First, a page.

New water taxi starts on Liffey today

 

The first ferry to run services traversing the river Liffey in more than 20 years will be launched from Dublin's Docklands today.

The water taxi will take passengers across the river from the City Moorings on the north quays to Sir John Rogerson's Quay on the south side for a €2 charge, reinstating a service first introduced on the river more than 500 years ago.

The journey will take about 90 seconds and has been introduced to allow foot passengers to cross between the IFSC and the Grand Canal Square area which has recently become the hub for a number of large law firms.

Dublin Corporation discontinued its ferry service between the north and south quays, which had largely been used to bring dockers to work, in 1986. Since then, those wishing to cross the east end of the Liffey have had to use Seán O'Casey Bridge at the Customs House or the East Link Bridge, which are more than 1.5km apart.

The new bright yellow taxi will be moored in the centre of the river allowing passengers at either quay side to hail its captain who will immediately attend the appropriate side.

"This is a fabulous service that will increase interconnectivity in the docks, which be very welcome locally, with both residents and businesses," Kevin Humphreys, Labour city councillor and member of the Dublin Dockland's Development Authority (DDDA) council said.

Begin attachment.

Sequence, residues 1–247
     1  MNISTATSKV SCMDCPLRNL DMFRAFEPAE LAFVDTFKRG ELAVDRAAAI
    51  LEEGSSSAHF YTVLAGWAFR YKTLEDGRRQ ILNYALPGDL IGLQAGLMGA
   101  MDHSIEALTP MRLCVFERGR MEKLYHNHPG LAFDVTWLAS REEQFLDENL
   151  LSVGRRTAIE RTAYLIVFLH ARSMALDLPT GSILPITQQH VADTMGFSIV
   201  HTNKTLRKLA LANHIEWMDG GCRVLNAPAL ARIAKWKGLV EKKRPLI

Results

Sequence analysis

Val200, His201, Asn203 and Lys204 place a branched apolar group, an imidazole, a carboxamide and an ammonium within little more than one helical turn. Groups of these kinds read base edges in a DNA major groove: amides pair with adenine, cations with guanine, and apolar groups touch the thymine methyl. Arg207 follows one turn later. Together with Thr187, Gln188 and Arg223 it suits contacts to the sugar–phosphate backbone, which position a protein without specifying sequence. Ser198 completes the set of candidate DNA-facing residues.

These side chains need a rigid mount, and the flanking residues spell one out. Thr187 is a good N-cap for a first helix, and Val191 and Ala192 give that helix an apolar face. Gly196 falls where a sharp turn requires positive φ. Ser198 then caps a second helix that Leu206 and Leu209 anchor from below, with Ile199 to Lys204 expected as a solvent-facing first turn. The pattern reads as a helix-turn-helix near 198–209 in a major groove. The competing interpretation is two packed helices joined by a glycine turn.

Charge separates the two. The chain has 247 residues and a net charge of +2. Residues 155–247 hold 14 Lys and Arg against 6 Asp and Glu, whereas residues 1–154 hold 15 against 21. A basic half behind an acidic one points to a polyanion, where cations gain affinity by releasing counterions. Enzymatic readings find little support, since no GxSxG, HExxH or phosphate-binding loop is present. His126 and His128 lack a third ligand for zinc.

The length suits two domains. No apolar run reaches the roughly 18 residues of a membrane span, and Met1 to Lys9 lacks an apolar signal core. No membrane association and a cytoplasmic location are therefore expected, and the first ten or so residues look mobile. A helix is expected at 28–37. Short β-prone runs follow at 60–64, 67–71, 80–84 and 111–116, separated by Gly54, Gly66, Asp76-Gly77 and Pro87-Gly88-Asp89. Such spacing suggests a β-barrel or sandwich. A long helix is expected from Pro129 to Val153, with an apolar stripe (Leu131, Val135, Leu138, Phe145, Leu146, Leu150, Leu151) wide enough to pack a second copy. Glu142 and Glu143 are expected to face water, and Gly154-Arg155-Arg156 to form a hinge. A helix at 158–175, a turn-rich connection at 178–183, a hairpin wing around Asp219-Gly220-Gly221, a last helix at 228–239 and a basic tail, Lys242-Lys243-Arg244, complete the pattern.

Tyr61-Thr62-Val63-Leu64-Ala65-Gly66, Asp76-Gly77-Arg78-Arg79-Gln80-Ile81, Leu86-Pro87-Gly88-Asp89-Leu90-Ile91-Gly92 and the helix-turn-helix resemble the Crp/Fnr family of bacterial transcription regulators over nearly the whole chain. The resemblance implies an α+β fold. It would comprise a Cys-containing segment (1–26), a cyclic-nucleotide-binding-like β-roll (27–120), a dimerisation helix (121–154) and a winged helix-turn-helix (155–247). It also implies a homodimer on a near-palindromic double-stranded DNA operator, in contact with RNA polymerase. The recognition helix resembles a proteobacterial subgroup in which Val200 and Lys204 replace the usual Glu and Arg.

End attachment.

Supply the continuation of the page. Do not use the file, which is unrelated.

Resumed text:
"As well as being a tourist attraction it will discourage people who have to get from one side of the quays to the other quickly from using their cars and will bring back a connection between the city and the river," he said.

The 12.5 metre ferry, which can carry 12 passengers, will be operated for the DDDA by Killary Cruises, which already runs the Liffey Voyage sightseeing boat. The ferry will make a number of initial trips today, after which the service will operate from 7am to 7pm daily. The service is being run as a pilot scheme for a two-year period, pending the construction of the Macken Street Bridge across the river.

Ferries first began crossing the Liffey in the 15th century in the vicinity of Wood Quay.